This Population Bulletin Update is a follow-up to PRB's 2010 Population Bulletin, "U.S. Economic and Social Trends Since 2000," and provides new data and analysis on the ongoing impact of the Great Recession on unemployment, poverty, housing, education, the status of young adults, and the birth rate in the United States.

(December 2011) The Great Recession in the United States began in December 2007 and officially ended in June of 2009, resulting in a broad-based decline in America's economic well-being and security.1 The job and housing markets have still not recovered, and the number of people in poverty increased more between 2009 and 2010 than in the year following any other recession since 1962.2 This update focuses on the period since 2008 to assess the ongoing impact of the recession in the United States.

Between November 2009 and November 2011, the seasonally adjusted unemployment rate in the United States dropped from 9.9 percent to 8.6 percent. Rates remain high among all major racial and ethnic groups, although they have declined from the peak levels of 2009 (see Figure 1).


Figure 1
U.S. Unemployment Rates by Race/Ethnicity, 2000-2011

Note: Unadjusted rates as of October of each year. Estimates are based on a survey of the population and are subject to both sampling and nonsampling error.
Source: U.S. Bureau of Labor Statistics.


Yet, sizeable gaps remain between the unemployment levels for blacks and Hispanics and those for whites and Asian Americans. At 14 percent, the unemployment rate for blacks in 2011 is almost double the rate for whites. Differences in educational attainment can partially explain racial and ethnic disparities in unemployment rates (see Figure 2).


Figure 2
U.S. Unemployment Rates by Race/Ethnicity and Education, 2010

Note: Annual averages. Estimates are based on a survey of the population and are subject to both sampling and nonsampling error.
Source: U.S. Bureau of Labor Statistics.


Unemployment rates decline among all racial and ethnic groups as education levels increase. However, blacks have higher unemployment rates at all education levels than other groups, even among those with a bachelor's degree or higher. The unemployment rate is especially high among blacks without a high school diploma—23 percent. Although the recession has affected workers of all ages, the unemployment rate is highest among 16-to-24-year-olds—16 percent, compared with 7 percent for those ages 35 and older (see "More Young Adults in U.S. Postponing Marriage, Living at Home, Disconnected From Work and School" for more on the impact of the recession on young adults).

The poverty rate is the most widely used indicator of family economic security and determines eligibility for programs to assist needy families. In 2010, a family with two adults and two children was considered poor if its income fell below $22,113. Official poverty estimates released in September 2011 by the Census Bureau show that in 2010, the total poverty rate rose to 15.1 percent, up from 13.2 percent in 2008.3 The United States has not seen poverty this high since 1993. While poverty rates among the population ages 65 and older declined between 2008 and 2010, poverty rates among children continued to rise from 19 percent to 22 percent—a level more than double that of the elderly (see Figure 3).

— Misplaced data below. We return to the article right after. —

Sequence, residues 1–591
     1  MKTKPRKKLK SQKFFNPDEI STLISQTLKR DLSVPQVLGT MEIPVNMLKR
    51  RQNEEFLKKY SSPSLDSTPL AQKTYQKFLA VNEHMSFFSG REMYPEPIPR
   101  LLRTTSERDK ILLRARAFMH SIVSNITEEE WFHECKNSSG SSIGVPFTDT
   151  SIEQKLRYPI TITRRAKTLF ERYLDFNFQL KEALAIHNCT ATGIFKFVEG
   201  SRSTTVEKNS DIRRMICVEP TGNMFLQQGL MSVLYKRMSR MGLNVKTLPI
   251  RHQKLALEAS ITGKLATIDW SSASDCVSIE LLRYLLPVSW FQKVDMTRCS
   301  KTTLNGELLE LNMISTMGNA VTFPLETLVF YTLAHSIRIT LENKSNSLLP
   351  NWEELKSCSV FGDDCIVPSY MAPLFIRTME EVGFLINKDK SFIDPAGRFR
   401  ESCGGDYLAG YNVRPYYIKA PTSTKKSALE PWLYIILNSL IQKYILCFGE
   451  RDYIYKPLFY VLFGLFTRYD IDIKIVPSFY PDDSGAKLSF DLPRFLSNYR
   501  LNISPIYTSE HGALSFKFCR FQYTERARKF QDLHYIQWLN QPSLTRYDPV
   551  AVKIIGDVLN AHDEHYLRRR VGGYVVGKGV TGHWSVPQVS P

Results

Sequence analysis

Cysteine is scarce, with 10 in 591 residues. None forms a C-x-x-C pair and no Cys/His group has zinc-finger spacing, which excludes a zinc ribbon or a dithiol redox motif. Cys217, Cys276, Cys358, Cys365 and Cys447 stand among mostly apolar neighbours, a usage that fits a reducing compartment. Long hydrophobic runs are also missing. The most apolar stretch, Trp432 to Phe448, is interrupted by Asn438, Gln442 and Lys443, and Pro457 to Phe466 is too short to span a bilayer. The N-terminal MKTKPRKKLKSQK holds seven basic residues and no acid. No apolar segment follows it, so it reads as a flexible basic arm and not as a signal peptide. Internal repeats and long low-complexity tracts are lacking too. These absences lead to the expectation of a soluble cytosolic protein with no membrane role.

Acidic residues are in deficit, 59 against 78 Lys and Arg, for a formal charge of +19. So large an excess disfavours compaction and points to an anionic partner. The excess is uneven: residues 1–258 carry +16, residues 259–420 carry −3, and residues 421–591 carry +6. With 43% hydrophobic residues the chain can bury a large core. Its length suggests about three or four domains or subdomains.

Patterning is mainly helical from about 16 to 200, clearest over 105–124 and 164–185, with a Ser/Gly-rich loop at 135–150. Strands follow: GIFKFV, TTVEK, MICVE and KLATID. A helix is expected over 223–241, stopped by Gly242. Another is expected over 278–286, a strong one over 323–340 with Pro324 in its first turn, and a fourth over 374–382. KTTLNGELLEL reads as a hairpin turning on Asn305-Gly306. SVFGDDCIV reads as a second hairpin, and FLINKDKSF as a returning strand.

Figure 3
U.S. Poverty Rates Among Children and the Elderly, 1998-2010

Note: Estimates are based on a survey of the population and are subject to both sampling and nonsampling error.
Source: U.S. Census Bureau, Current Population Survey, 1999-2011.


This poverty gap between children and the elderly is not new—it began in 1974—but the gap has been widening since the onset of the recession. While 12 percent of non-Hispanic white children were poor in 2010, almost 40 percent of black children and 36 percent of Latino children were living in poverty. The recent census showed that non-Hispanic whites made up only 54 percent of the child population in 2010, while Hispanics accounted for almost one-quarter.4 Since 2000, growth rates for minority children have far outstripped those for non-Hispanic whites, and these differences are projected to continue. Poverty in early childhood often carries over into adulthood and negatively affects health and earnings later in life.5 If high child poverty rates and racial/ethnic differentials persist, then the United States may face significant economic costs down the road when these children reach adulthood. Children under age 5 today will become young adults just as the last of the large baby-boom cohorts reach retirement age. Poorer health and lower productivity and earnings may prevent these young adults from contributing as much to Social Security as the country will need to support retiring baby boomers.

Levels of homeownership in the United States continued to decline—from 67 percent in 2008 to 65 percent in 2010. These declines occurred in all racial and ethnic groups as high rates of foreclosure persisted and job losses and income declines prevented new buyers from entering the market (see Figure 4).


Figure 4
Percent of U.S. Housing Units That Are Owner-Occupied, by Race/Ethnicity
of Householder, 2000-2010

Note: Estimates are based on a survey of the population and are subject to both sampling and nonsampling error.
Source: U.S. Census Bureau, 2000 Decennial Census and American Community Survey 2001-2010.